Alphonso Harrell is Exhibit A in the latest school-choice debate. As a third-grader, he was one of 1,100 Indianapolis students to win a $900 scholarship to offset the costs of attending another school. He says the choice changed his life.
"I couldn't learn in my old school because I had to watch out who I was talking to. They all wanted to fight," he says.
"My son would have been lost" if vouchers had not come to the rescue, his mother, Barbara Lewis, tearfully told a press briefing as she stood flanked by top Republican leaders in the Capitol last week. "He used to be excited about learning, but he kept getting hurt at school."
Alphonso is one of some 14,000 students nationwide who have used scholarships, or vouchers, to opt out of broken public schools. Most scholarships have been privately funded by business and civic groups. Some 40,000 students remain on waiting lists for a voucher.
Americans have come reluctantly to the idea of committing public funds to school choice. Voters have repeatedly rejected voucher proposals, worried that public schools would decline further. Courts, concerned about church-state issues, have been wary of allowing tax dollars to go to religious schools.
But an unlikely coalition of business groups, the religious right, Roman Catholics, and the urban poor is pushing school choice to the top of the political agenda. They are proposing new tax credits and deductions for K-12 expenses, including private-school tuition.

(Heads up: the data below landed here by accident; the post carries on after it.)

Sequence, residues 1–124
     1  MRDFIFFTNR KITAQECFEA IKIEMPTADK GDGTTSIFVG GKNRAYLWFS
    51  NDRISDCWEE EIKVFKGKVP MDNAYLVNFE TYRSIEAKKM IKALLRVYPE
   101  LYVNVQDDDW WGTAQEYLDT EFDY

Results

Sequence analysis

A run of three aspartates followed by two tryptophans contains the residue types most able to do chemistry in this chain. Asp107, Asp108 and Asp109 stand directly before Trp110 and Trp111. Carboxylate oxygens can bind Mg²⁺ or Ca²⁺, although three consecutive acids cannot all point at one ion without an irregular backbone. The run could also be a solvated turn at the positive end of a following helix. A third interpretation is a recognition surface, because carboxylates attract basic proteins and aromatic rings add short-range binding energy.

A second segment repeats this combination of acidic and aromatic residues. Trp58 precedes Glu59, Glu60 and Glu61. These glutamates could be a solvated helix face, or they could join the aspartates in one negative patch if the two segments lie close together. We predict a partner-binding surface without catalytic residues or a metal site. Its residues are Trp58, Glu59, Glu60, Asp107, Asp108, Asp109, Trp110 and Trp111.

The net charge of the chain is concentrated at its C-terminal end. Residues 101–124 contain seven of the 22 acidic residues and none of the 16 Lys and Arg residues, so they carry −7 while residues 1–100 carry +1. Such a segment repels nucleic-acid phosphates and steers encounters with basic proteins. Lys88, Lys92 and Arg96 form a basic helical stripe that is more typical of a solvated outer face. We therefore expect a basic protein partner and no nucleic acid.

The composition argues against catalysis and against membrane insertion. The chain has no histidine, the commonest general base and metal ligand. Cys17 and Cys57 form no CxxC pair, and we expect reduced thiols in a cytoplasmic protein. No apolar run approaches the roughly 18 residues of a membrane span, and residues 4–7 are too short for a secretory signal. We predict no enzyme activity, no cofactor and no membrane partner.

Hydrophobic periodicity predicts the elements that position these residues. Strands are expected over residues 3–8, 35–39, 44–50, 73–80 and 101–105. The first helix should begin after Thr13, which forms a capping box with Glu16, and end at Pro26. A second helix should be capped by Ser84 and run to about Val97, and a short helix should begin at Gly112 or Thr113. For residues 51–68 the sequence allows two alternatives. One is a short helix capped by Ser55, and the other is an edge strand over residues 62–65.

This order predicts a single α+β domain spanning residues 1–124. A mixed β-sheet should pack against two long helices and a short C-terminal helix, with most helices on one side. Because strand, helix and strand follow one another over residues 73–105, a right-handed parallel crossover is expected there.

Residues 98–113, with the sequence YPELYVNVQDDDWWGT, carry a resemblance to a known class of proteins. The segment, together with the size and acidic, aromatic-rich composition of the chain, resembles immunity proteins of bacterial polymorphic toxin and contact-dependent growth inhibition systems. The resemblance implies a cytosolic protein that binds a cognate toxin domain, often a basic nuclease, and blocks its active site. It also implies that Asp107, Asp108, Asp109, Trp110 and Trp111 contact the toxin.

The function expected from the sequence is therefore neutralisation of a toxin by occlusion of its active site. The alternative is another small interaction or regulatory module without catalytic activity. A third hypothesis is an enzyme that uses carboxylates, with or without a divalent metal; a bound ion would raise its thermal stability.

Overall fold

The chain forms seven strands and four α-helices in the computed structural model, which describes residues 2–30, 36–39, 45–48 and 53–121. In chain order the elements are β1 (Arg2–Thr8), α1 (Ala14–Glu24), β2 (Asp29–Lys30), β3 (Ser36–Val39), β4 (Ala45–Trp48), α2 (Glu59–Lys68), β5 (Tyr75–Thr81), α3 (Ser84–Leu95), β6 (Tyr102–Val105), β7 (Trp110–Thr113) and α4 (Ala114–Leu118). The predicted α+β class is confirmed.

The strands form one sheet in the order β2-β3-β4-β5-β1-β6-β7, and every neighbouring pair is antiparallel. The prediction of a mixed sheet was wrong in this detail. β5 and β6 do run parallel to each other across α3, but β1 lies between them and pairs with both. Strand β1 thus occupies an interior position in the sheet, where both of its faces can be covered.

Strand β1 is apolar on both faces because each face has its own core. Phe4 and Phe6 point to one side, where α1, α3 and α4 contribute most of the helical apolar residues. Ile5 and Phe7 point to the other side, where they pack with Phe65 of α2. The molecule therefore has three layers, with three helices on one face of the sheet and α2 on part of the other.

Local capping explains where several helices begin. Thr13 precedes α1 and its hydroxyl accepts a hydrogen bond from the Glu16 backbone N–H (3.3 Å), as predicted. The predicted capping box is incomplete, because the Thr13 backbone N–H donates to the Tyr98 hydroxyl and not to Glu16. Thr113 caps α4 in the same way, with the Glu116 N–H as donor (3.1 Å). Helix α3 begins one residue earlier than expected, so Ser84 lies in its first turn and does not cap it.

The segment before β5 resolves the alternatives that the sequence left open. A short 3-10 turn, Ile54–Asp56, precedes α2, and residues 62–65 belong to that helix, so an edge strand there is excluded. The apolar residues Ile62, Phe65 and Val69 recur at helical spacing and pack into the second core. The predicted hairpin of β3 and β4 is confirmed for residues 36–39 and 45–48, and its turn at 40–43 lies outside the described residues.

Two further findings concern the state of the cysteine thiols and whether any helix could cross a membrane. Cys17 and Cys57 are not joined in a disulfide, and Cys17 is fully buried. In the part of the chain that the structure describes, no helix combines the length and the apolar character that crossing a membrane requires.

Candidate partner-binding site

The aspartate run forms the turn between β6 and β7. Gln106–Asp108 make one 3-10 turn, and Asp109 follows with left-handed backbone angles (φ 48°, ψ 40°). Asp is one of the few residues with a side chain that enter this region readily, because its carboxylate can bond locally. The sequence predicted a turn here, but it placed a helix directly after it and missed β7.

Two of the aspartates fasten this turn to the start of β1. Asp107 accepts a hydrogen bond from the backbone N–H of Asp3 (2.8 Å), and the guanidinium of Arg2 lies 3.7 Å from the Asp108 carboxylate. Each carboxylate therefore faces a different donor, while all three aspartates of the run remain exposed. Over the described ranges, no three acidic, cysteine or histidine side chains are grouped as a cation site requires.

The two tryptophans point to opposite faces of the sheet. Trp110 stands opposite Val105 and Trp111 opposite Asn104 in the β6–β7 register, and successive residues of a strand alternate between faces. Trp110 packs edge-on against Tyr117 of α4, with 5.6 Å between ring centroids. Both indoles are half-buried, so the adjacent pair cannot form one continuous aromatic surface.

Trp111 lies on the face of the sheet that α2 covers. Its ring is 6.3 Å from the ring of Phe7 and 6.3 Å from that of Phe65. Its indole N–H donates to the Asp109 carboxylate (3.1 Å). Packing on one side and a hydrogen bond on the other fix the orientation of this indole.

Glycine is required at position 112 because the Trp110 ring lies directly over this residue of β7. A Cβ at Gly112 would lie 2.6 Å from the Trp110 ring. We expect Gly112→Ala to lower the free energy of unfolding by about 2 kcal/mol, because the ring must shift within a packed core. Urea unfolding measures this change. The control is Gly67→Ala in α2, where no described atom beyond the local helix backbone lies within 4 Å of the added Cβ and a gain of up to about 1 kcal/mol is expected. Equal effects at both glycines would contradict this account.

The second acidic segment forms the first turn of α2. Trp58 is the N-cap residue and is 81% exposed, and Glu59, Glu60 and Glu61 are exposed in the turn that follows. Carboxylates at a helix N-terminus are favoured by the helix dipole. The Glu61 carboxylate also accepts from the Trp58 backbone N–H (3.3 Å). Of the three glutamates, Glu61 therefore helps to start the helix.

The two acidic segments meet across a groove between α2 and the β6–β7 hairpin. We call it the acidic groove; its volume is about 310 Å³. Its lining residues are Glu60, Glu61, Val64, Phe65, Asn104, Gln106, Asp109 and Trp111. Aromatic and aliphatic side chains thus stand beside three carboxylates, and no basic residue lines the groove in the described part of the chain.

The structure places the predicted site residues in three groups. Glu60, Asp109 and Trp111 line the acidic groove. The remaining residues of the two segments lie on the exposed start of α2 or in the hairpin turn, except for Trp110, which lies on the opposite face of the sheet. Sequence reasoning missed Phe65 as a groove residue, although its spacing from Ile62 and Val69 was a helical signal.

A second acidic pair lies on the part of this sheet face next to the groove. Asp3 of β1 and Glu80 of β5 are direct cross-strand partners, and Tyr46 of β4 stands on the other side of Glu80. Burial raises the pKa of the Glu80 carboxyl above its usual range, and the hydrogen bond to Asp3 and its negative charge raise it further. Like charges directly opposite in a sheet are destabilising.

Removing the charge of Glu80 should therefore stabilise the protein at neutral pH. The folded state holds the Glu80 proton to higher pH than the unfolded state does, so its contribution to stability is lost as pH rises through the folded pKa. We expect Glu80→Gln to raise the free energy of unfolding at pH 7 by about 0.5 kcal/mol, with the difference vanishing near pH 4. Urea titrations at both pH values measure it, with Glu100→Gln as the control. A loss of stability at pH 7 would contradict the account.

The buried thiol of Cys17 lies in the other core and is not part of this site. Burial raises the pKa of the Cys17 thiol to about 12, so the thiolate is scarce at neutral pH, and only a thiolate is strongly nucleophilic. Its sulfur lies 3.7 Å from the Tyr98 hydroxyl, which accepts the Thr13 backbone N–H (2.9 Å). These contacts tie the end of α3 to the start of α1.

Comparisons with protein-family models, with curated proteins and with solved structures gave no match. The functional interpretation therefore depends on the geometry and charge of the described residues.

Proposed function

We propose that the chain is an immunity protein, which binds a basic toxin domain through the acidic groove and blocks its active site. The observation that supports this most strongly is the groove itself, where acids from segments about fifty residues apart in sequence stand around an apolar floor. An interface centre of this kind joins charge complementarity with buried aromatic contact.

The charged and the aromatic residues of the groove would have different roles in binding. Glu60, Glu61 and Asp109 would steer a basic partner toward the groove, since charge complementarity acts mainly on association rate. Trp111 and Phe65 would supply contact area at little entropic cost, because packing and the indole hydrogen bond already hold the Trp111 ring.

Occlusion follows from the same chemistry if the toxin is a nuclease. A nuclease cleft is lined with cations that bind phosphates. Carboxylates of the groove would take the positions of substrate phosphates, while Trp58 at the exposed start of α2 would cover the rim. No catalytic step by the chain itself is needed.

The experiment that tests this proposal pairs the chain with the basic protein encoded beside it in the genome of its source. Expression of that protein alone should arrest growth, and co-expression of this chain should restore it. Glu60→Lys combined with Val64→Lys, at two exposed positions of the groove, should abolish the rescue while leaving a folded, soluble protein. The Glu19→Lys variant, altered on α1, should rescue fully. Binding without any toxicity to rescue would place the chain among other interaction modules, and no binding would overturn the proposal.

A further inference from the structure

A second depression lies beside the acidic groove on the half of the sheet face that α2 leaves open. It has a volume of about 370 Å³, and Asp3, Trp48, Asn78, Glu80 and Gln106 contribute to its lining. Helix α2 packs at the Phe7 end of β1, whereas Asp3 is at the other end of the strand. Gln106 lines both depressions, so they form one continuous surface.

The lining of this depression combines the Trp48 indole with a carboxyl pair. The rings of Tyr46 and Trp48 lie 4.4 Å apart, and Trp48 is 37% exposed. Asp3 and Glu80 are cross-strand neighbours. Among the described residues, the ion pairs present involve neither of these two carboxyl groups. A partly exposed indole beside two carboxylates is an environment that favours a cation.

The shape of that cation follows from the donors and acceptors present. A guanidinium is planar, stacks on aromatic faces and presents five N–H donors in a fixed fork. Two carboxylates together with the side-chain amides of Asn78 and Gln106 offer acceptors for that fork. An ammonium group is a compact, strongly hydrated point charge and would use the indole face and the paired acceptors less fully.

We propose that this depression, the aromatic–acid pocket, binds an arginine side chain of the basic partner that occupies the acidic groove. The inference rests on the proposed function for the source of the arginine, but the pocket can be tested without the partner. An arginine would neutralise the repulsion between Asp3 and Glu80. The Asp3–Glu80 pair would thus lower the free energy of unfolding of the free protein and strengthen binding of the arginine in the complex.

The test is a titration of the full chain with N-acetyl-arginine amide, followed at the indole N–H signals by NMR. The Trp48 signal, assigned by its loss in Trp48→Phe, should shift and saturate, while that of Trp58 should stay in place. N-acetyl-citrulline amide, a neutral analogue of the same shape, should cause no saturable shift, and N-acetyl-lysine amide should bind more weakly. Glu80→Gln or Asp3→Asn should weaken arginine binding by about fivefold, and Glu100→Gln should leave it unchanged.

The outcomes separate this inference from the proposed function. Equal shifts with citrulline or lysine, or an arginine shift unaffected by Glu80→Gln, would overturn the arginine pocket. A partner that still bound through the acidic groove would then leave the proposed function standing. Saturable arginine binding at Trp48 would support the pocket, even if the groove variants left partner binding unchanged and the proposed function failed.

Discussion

Their momentum could set the battle lines for the 1998 midterm elections. And Republican strategists say the newest members of the coalition - blacks, who have traditionally opposed public funds for private schools - could drive a wedge between teachers and urban minorities, who have been key Democratic supporters.
"This is truly the civil rights battle of the '90s. How long? How long before we empower parents to send kids to quality schools?" asks Alveda King, echoing the civil rights rallying cry of her uncle, Martin Luther King Jr.
"We're the underground railway conductors of the '90s," adds Jackie Sissel, a member of the Indianapolis-based Families Organized for Real Choice in Education (FORCE).
"I don't favor national school vouchers, but we've had to face up to the fact that old ideas don't work everywhere," says Rep. Thomas Davis (R) of Virginia, who chairs the House subcommittee overseeing the District of Columbia.
"It's costing up to $9,600 a year to educate a child in the D.C. public system. The schools are so broken that every effort to fix them has failed. You just can't get rid of incompetent teachers and administrators," he adds.